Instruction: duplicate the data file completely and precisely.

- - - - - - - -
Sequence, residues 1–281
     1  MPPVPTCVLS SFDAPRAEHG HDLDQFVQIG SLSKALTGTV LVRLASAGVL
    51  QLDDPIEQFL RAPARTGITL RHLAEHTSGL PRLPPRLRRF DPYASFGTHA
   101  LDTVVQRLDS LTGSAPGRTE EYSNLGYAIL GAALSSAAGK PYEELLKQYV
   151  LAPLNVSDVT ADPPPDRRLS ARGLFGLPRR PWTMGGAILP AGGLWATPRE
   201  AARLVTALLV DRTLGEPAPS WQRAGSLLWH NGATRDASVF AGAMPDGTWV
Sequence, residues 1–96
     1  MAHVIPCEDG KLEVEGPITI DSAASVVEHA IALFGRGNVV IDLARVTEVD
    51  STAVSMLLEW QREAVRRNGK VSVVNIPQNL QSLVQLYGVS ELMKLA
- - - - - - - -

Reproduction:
Sequence, residues 1–281
     1  MPPVPTCVLS SFDAPRAEHG HDLDQFVQIG SLSKALTGTV LVRLASAGVL
    51  QLDDPIEQFL RAPARTGITL RHLAEHTSGL PRLPPRLRRF DPYASFGTHA
   101  LDTVVQRLDS LTGSAPGRTE EYSNLGYAIL GAALSSAAGK PYEELLKQYV
   151  LAPLNVSDVT ADPPPDRRLS ARGLFGLPRR PWTMGGAILP AGGLWATPRE
   201  AARLVTALLV DRTLGEPAPS WQRAGSLLWH NGATRDASVF AGAMPDGTWV
Sequence, residues 1–96
     1  MAHVIPCEDG KLEVEGPITI DSAASVVEHA IALFGRGNVV IDLARVTEVD
    51  STAVSMLLEW QREAVRRNGK VSVVNIPQNL QSLVQLYGVS ELMKLA